A clear plastic lens is placed within the lens capsule. Usually no stitches are needed. You may have to wear a pad over your eye after the operation.
The standard plastic lens can't change its focus to look at near objects versus distant objects, for example. So, if you have a standard plastic lens inserted you will still need to wear glasses (if you did before the operation).
It is sometimes possible to have an accommodating lens inserted which allows focusing on near as well as distant objects. Multifocal lenses which are even more versatile are now also available. Your surgeon will be able to discuss with you whether these are suitable for you, although these types of lens are not usually available on the NHS.
Normally one eye is operated on at a time. The operation is usually done under local anaesthetic, so you are awake during the operation. The operation should be painless, as local anaesthetic eye drops are used to numb your eye. (Occasionally, local anaesthetic injections are also used around the eye.)
What are the possible complications of cataract surgery?
In the vast majority of cases, the operation is successful and vision improves immediately. In a small number of cases, complications occur. These may include
- Dysphotopsias (see below)
- Damage to the lens capsule at the back of the eye with leakage of the jelly (the vitreous) inside the eye.
- Bleeding into the eye.
- Infection of the eye, which can be serious.
- Inflammation of the eye.
- Damage to the cornea or to other parts of the eye.
- Detachment of the retina at the back of the eye.
Dysphotopsias are a variety of visual symptoms that result from light reflecting off the replacement intraocular lens onto the retina. They may be positive or negative. Positive dysphotopsias are more common and involve symptoms of brightness such as glare, starbursts or haloes. Negative dysphotopsias are noticed as shadows or dark areas. In most cases symptoms subside within several weeks of surgery as the brain adapts and screens out the symptoms (this is called neuroadaptation), but in a small percentage of patients symptoms persist, in which case further surgery may be helpful.
These are all uncommon and can usually be treated. However, they are very occasionally serious enough to cause permanent visual problems.
Complications which can occur some time after surgery include:
- Problems with glare.
- Slippage (dislocation) of the plastic lens.
- Increased pressure in the eye (glaucoma).
- Squint (strabismus).
- Posterior capsule cloudiness (opacification): the back part of the lens capsule, which is left in place, can become cloudy. This cloudiness can usually be easily treated with a laser, although a laser cannot be used to treat a cataract itself.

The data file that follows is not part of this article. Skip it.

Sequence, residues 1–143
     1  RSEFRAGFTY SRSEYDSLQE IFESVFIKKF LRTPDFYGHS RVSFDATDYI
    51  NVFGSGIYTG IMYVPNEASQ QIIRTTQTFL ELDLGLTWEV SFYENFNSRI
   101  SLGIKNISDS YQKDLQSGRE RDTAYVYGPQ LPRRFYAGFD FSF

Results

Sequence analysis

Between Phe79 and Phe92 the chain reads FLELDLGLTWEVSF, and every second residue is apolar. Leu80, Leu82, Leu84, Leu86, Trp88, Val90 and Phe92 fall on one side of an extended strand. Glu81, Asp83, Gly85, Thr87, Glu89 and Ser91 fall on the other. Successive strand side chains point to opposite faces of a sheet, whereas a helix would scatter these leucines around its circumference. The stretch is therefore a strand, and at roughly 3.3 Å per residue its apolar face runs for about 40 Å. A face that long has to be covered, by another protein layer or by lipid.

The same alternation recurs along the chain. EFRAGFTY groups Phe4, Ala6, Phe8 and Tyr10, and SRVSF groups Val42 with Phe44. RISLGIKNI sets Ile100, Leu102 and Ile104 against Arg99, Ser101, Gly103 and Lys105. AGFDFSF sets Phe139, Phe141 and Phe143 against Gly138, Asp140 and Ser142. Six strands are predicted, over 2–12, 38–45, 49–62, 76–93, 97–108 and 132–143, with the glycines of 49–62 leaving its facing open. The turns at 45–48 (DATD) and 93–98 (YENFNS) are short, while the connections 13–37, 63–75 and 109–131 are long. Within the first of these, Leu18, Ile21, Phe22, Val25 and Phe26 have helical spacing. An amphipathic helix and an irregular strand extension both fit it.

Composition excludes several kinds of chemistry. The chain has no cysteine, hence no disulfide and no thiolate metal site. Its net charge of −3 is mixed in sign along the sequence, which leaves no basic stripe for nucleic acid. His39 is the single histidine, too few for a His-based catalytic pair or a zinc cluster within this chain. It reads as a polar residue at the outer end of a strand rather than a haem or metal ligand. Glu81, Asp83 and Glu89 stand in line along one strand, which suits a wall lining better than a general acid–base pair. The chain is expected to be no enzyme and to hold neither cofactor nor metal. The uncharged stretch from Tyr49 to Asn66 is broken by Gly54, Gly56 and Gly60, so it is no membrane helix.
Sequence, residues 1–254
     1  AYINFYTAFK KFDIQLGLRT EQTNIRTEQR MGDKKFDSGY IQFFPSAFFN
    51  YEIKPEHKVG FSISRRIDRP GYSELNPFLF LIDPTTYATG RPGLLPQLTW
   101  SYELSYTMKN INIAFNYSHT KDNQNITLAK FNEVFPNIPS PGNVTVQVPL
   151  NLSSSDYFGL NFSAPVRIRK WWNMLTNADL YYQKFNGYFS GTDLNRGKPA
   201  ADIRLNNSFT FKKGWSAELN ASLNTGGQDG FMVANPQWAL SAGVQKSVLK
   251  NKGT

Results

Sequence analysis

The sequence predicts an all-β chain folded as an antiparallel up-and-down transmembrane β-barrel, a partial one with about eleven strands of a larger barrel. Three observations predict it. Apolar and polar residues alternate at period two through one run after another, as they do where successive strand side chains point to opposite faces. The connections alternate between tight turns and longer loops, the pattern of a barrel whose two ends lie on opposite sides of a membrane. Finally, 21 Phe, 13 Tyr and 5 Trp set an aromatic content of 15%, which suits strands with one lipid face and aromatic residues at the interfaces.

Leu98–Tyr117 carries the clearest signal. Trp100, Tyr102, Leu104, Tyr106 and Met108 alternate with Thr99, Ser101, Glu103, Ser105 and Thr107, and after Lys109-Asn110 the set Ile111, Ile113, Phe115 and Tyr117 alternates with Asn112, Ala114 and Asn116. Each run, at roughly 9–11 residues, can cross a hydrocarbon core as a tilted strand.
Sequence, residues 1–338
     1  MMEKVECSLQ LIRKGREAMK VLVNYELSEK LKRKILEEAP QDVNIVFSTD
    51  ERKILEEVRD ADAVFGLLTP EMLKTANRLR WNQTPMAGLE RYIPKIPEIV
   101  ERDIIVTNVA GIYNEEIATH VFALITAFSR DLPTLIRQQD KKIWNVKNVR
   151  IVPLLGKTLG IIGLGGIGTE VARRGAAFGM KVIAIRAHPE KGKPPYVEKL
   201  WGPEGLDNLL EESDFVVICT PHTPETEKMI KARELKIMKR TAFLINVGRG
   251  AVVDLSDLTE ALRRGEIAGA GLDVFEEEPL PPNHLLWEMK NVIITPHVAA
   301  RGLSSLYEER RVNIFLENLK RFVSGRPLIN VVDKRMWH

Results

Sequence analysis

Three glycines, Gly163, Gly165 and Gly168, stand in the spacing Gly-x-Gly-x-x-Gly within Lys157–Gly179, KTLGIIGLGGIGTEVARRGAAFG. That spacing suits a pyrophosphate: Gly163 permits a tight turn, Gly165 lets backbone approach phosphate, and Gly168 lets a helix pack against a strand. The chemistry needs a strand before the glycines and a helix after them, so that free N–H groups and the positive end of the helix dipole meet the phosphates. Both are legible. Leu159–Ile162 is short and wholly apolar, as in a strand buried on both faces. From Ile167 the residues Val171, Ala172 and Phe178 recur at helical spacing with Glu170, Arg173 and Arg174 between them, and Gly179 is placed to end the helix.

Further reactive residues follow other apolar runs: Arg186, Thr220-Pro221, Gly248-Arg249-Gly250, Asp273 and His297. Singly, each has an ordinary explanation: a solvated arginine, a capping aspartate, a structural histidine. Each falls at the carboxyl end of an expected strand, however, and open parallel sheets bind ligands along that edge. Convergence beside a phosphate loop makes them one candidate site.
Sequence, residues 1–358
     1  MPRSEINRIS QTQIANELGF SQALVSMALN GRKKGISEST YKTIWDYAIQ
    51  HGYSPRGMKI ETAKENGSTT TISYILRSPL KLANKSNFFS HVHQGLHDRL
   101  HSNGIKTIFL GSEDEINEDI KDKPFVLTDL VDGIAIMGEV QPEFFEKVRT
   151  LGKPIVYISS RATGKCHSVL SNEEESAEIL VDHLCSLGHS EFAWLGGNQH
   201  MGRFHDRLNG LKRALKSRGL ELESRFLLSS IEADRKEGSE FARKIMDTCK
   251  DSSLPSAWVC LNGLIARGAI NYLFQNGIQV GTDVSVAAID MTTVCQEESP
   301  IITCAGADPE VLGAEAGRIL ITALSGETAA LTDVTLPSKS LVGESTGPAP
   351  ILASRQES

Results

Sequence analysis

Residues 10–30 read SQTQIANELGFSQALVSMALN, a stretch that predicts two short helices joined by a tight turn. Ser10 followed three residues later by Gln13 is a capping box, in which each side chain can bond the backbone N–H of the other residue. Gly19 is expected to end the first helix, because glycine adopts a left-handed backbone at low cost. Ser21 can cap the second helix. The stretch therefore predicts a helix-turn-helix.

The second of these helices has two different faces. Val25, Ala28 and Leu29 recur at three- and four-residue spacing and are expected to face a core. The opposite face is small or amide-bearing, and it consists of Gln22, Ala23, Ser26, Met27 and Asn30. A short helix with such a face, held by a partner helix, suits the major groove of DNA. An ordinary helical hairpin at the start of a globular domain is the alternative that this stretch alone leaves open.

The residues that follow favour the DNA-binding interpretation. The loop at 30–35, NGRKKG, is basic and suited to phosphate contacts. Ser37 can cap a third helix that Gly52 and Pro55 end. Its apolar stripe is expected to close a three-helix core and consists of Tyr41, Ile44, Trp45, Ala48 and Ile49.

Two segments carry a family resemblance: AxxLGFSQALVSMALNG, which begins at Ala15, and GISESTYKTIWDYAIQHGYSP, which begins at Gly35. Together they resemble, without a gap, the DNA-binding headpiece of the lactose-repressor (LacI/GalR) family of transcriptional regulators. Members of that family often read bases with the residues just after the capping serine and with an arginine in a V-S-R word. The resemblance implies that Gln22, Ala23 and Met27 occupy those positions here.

Cataracts and driving
Cataracts may affect your ability to drive, either:
- By visual clouding (if severe); or
- By causing pronounced glare which can dazzle you when driving at night.
It is your legal obligation to inform the DVLA about any medical condition which could affect your safety behind the wheel. If you are uncertain, you should discuss this with your doctor and/or optician (optometrist).
The DVLA prescribed eyesight requirements are:
- To read in good daylight (with the aid of glasses or contact lenses if worn) a registration mark fixed to a motor vehicle and containing letters and figures 79 millimetres high and 50 millimetres wide at a distance of 20 metres, or at a distance of 20.5 metres where the characters are 79 millimetres high and 57 millimetres wide.
- Visual acuity (with the aid of glasses or contact lenses if needed) must be at least 6/12 with both eyes open (or in the only eye if you have vision in one eye only).
- Note that in the presence of cataract, glare may affect your ability to meet the number plate requirements, even if your acuity is good enough.
Further reading & references
- Cataract surgery guidelines; Royal College of Ophthalmologists (2010)
- Implantation of accommodating intraocular lenses for cataract; NICE Interventional Procedure Guidance, February 2007
- Implantation of multifocal (non-accommodative) intraocular lenses during cataract surgery; NICE Interventional Procedure Guidance, June 2008
Disclaimer: This article is for information only and should not be used for the diagnosis or treatment of medical conditions. EMIS has used all reasonable care in compiling the information but make no warranty as to its accuracy. Consult a doctor or other health care professional for diagnosis and treatment of medical conditions. For details see our conditions.
Dr Tim Kenny
Dr Mary Lowth
Dr Colin Tidy